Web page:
Is the economy going like gangbusters or about to fall apart?
I have mentioned before that I think we are headed for a deep recession. The warning signs are there and in a year or so, everyone will look back and say, "we should have seen this coming!" In the post-pandemic era, we've seen people start to spend money again, much as they did after World War II. And just like the late 1940's, there are shortages of everyday commodities, cars, and people. Folks are going out on strike, all over the place, because wages are not keeping up with inflation.
The chart above, which can also be found in interactive form, online, illustrates what is happening to the average American in coping with this inflationary trend. People have not yet cut back on spending, or even speeding - they just whine and complain about gas prices. It takes a while for people's habits to change, and cutting back is far, far harder than expanding your budget - something I learned back in 2011 when I started this blog.
So it is human nature that we grouse about prices - but keep buying anyway. We dip into savings and borrow more on credit cards and think, "this too, shall pass!" and somehow later on, we'll catch up and pay off that credit card and restore the balance in our savings account. That never happens, of course. What happens is that we wake up some day and realize the balance on our accounts are low - maybe the wake-up call was a bounce notice. And maybe another wake-up call is the fact we are barely making the minimum payments on our credit cards. It seems to happen suddenly, even though the process has been in the making for months, if not years.
So we try to cut back. Gee, maybe not driving 80MPH might save some gas! Maybe we should plan our trips, so we aren't driving back and forth to town, three times a day! Maybe we don't need to look at "shopping" as a hobby. Maybe it is time to take back some things we bought months ago, that were never even unpacked, and get a refund! Maybe we need to shop at Walmart instead of Wegmans! Maybe we need to have a garage sale! Maybe it is time the hobby car or boat or motorcycle goes away!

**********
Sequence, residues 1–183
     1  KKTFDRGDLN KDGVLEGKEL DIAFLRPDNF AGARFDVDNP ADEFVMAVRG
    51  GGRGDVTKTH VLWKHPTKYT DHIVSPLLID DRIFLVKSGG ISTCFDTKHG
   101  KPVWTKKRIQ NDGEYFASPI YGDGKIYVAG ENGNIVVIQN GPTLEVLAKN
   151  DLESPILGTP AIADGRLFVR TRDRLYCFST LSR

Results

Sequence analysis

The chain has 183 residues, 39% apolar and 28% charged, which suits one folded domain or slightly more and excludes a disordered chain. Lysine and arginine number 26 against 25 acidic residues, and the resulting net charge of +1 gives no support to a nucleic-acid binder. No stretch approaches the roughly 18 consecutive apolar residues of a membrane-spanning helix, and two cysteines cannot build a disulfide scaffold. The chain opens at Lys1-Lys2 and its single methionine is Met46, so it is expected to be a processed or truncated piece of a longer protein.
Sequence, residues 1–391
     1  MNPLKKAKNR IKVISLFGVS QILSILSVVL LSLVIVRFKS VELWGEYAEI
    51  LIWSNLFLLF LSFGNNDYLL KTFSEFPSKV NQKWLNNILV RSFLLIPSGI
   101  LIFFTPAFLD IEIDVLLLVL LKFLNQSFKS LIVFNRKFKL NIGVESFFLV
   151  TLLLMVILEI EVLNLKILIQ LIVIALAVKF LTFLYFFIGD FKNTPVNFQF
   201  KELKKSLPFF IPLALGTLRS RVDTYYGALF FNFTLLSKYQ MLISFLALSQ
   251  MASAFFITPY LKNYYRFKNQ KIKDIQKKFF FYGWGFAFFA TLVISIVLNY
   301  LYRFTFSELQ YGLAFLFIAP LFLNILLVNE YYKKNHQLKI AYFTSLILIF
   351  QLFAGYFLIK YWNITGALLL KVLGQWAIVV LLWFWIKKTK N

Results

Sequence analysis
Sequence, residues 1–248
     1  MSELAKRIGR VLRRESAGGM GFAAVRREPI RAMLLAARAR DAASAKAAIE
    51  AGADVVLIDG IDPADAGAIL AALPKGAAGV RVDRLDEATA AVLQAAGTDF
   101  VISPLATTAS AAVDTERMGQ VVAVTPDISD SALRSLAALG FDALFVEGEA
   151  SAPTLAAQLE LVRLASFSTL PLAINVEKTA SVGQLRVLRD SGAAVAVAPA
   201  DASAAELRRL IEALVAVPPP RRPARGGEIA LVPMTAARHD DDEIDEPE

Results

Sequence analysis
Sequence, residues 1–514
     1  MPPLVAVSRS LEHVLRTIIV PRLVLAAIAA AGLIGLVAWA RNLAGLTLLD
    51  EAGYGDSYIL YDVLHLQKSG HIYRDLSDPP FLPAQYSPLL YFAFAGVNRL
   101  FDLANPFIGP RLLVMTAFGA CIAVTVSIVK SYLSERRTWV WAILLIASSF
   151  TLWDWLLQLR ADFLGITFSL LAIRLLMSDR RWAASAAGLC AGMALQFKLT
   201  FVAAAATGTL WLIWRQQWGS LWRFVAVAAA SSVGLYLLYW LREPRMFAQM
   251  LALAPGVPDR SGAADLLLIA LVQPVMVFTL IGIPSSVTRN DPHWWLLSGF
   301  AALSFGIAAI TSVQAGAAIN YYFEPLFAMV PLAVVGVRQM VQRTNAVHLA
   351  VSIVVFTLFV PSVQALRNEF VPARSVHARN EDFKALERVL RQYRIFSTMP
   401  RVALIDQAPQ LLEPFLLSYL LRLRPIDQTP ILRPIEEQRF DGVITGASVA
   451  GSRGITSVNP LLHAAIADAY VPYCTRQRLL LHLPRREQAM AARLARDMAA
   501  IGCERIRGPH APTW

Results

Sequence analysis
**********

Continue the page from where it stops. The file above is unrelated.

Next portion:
Maybe. I've seen it before. I've lived it. And it wasn't all that bad. Expensive habits are easy to accumulate, hard to shed. But once you shed them, you look back and think, "I used to go to the coffee shop nearly every day and drop $5 to $10 on coffee! Was I nuts or what?" Because once you think about money and what it means, well, you stop being careless with it. It is your life, your freedom.
And I can already anticipate the negative response to that last statement. "There is more to life than money, man!" says the 30-something who has intractable credit card debt, "Money can't buy happiness!" Yes, of course, but lack of money can buy all the misery you can stand.
You don't have to worship money, you just have to respect it, and spending your wealth willy-nilly isn't being respectful to yourself. I noted early on in this blog that a credit card is like a loaded handgun - a useful tool, perhaps, in some situations. But used carelessly, it can cause tragedy.
I mentioned before that we are due for a housing crash, or at the very least, an "adjustment." Prices that made sense with a 3% mortgage make a lot less sense at 7%. You can't just expect people to increase their mortgage payments by half - the money has to come from somewhere. When it is cheaper to rent than to buy, why buy? And when housing prices drop, it will make consumers even more nervous about spending. The snowball effect kicks in, yet again.